For many types of photography, choosing where to focus is pretty simple. In portrait photography, you focus on the eyes. In wildlife photography, you focus on the animal.
But where should you focus in landscape photography? You’re generally capturing a scene, not a solitary subject – so how do you ensure that everything is as sharp as possible?
In this article, I’m going to share six tips for setting focus in your landscape photos. That way, the next time you’re faced with a tricky landscape scene, you’ll be able to come away with stunningly sharp results!
1. Don’t just set the focus at infinity
In landscape photography, you are trying to capture a scene, not a solitary thing. And many times, the scene you are trying to capture is far away from you (i.e., a distant mountain at sunset).
Now, most lenses have a range of focus values, and once you get beyond a certain distance (often 20-30 feet, or 8-10 meters) the focus will be set at infinity.
Therefore, if you are taking a picture where most of the scene is far away, you might guess that you should just set the focus at infinity. And if everything in the frame is truly at infinity, then this is not a bad idea. If there is nothing close to you, then there is just no need to do anything else; you don’t need to overly complicate things.
But the best compositions often include aspects of the scene that are closer to you than infinity. For instance, this shot below has a strong midground subject, which you’ll want to keep sharp:
If you set the focus on the distant sky (i.e., to infinity), the grass and lake will turn out soft. So in scenes with closer elements – like the landscape above – where should you set the focus?
You can get into the hyperfocal distance – we’ll talk more about that in a minute! – and make this as technical as you want. But when out shooting, your time is often precious. The light is changing and things are moving. So you probably don’t want to spend time doing calculations.
Instead, consider this rule of thumb:
Set the focus at infinity. Then just turn it back a little bit.
Of course, there’s an obvious question: How do you define a little bit?
I’m afraid I don’t have a good answer for you. It will vary from lens to lens, but it will usually be about a 5- or 10-degree turn or to the highest distance number printed on the lens (if your lens has these numbers, that is).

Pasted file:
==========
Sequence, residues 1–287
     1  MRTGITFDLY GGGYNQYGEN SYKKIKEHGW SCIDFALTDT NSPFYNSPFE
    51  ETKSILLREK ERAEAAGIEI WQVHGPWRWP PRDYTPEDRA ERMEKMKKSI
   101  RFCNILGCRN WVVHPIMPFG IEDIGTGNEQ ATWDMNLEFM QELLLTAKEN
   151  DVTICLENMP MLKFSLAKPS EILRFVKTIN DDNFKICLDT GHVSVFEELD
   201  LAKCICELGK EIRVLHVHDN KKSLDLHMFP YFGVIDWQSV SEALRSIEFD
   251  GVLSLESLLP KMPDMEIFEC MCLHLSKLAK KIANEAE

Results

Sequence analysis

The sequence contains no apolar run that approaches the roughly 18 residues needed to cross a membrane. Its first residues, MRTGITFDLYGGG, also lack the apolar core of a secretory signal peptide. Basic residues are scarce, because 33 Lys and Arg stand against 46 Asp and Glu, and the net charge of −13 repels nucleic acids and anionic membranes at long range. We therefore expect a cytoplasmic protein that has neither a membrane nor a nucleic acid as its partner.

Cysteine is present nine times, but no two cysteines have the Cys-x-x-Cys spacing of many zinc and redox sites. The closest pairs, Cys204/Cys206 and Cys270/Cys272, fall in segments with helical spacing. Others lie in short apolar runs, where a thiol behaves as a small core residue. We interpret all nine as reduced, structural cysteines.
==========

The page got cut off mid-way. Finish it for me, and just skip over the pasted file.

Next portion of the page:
That way, you can have a bit of leeway. You’ll still get distant subjects in focus, but you’ll also maintain sharpness on midground objects, such as a lake (assuming you’re using a narrow aperture).
Unfortunately, this guideline won’t be a big help if you’re faced with close foreground subjects, as I discuss in the next section:
2. Try focusing a third of the way into the picture
Many pictures are ruined because the foreground is not sharp. It happens all the time.
And while the trick discussed above – focusing at infinity, then pulling the focus back slightly – will ensure a sharp background and a sharp midground, it probably won’t keep close foreground objects sharp.
So what do you do if your scene has close foreground elements?
Focus about a third of the way into the frame.
That way, you get the foreground elements sharp, but you get the background elements sharp, too.
So if your shot has rocks in the foreground, set your focus slightly past the first few rocks:
And if you have interesting vegetation in the foreground, focus just past it:
The goal is simple: focus a third of the way into the scene, even if it means setting the focus only a few feet in front of the lens.
“But wait a second!” you might say. “What about the background? If I focus on close foreground elements, won’t the background end up out of focus? Won’t it be blurry?”
Probably not! If you’re using a wide-angle lens and you’re using a decently narrow aperture (such as f/8 or f/11), then your background will still be in focus, even as the foreground remains tack-sharp.
3. Focus on the subject matter
In the previous tips, I’ve talked about setting focus to keep the entire shot sharp – but it’s important to remember the obvious:
When you have a definite subject or center of interest in your photo, just focus on that. It’s the most important part of your picture, you absolutely need it in focus, and nothing else (mostly) matters.
Don’t worry about your foreground, and don’t worry about your background. Just make sure the subject is in focus.
Yes, the foreground and/or background might end up blurry. But if there is a little fall-off in sharpness from your subject, that’s not a big deal; it may even look good!
4. Don’t narrow your aperture too much
There are no free lunches in photography. You may already know that using a smaller aperture to get a larger depth of field will cost you light.
(Remember: In landscape photography, you’ll often need a small aperture to maximize depth of field. But because the small aperture lets in less light, you’ll need to increase your shutter speed – which risks blur unless you’re using a tripod.)
But ultra-small apertures come with another problem: